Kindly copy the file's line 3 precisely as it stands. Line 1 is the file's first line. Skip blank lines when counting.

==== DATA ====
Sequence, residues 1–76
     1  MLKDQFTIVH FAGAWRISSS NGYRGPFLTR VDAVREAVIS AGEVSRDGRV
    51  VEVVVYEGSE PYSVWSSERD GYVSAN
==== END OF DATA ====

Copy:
    51  VEVVVYEGSE PYSVWSSERD GYVSAN